Colwyn Bay

Year of Completion: 2013 – ongoing

Client: Conwy County Borough Council

Project Team: BCA Landscape, Mott MacDonald

The Colwyn Bay Waterfront Project was initiated to address the poor condition of the existing coastal defences along the waterfront in Colwyn Bay, dating back to the turn of the 20th century.

BCAL were invited by engineers Mott Macdonald to join their coastal team working with Conwy County Borough Council in 2013 to provide public realm design as part of a £30million coastal storm defence scheme to provide long lasting and effective coastal protection for the town and its inhabitants.

The opportunity was taken to both protect the community and its infrastructure, and also enhance it, by creating a 3km stretch of the promenade from Splashpoint to Rhos-on-Sea that would attract both local residents and visitors. The works have provided a boost to the local economy, as well as multiple health and environmental benefits.

An extensive range of bespoke elements around health, active travel, sport, play, artwork, green infrastructure and biodiversity improvements have been delivered, with further phases in development for delivery in 2022.

A-Y of Manx

Year of Completion: 2013

Client: The Douglas development partnership, The department of infrastructure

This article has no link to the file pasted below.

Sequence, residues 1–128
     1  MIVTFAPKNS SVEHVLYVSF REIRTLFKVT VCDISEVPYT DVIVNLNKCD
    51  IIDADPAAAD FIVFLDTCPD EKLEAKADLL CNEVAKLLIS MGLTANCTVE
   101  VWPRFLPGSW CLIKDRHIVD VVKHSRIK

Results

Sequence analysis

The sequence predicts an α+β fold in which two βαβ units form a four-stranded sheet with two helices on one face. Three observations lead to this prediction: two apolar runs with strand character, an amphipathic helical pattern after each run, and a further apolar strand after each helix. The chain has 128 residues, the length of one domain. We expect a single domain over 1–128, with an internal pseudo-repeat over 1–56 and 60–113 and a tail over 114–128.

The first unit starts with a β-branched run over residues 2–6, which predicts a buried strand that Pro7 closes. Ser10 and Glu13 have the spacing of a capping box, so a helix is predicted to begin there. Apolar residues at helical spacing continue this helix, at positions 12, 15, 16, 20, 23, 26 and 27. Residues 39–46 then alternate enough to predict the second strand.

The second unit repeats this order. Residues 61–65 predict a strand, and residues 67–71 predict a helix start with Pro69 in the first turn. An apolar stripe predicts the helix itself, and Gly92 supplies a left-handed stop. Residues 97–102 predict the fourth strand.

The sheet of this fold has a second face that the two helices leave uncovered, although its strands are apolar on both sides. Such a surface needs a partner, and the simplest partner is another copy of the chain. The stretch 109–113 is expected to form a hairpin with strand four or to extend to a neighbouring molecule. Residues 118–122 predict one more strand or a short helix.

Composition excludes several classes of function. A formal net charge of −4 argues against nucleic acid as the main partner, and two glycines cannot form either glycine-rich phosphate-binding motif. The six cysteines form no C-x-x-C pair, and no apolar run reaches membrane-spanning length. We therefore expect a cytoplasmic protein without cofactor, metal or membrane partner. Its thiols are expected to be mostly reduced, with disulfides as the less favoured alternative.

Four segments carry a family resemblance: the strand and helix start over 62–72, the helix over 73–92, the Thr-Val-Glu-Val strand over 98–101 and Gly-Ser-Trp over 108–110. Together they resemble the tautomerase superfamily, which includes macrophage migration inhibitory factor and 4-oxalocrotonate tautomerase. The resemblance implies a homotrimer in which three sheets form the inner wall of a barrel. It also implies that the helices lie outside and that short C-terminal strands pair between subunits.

Project Team: BCA Landscape

The A-Y of Manx is an artwork commissioned by Douglas Development Partnership, funded by the Town and Village Regeneration Scheme and driven forward by the Douglas Regeneration Committee. The artwork illustrates 24 subjects related to the Isle of Man, some of which are well-known and obvious such a “Manx Cats”, “TT” and “Kippers” and some which are a little more obscure such as the “Giant Elk” and “Ogham”.

The Natural Stone Awards, held once every two years, recognise excellence in the natural stone industry. The judges said:

‘The stonework brings brightness and light into the heart of the Island’s capital. The results are already lifting and enhancing the area, instilling pride and commitment across a diverse range of retailers’.

Liverpool Connectivity – Lime Street

Year of Completion: 2022

Client: Liverpool City Council

Project Team: BCA Landscape | AMEY 


Liverpool Lime Street is considered the gateway to Liverpool, greeted by a confusing labyrinth of roads which are both difficult and dangerous to cross. The project aimed to resolve this issue by reorganising the way people move about the city with an emphasis on cycling, walking and trees.

Pedestrians and cyclists have been given greater priority and space whilst respecting the historical importance of the site. The scheme is surrounded by Grade I, II & II* listed buildings therefore a more conservative approach was required.

The project included over 30+ trees, 675m of segregated cycleways (linking to Liverpool’s wider cycle network), wider footpaths for safer pedestrian movements and encouragement of outdoor cafe seating. Reduced traffic signals/movement to improve the flow of traffic which in turn helps with air quality. New open public spaces for day to day activities as well as for larger public events which St Georges Hall is renowned for.

Forest Bathing Pod

Year of Completion: 2019

Budget: Under £10,000

Client: The Mersey Forest (Urban Greenup)

Design Team: BCA Landscape, Liverpool’s Royal Court Set Building Team

Researchers primarily in Japan and South Korea have established a robust body of scientific literature on the health benefits of spending time under the canopy of a living forest. Now their research is helping to establish shinrin-yoku and forest therapy throughout the world.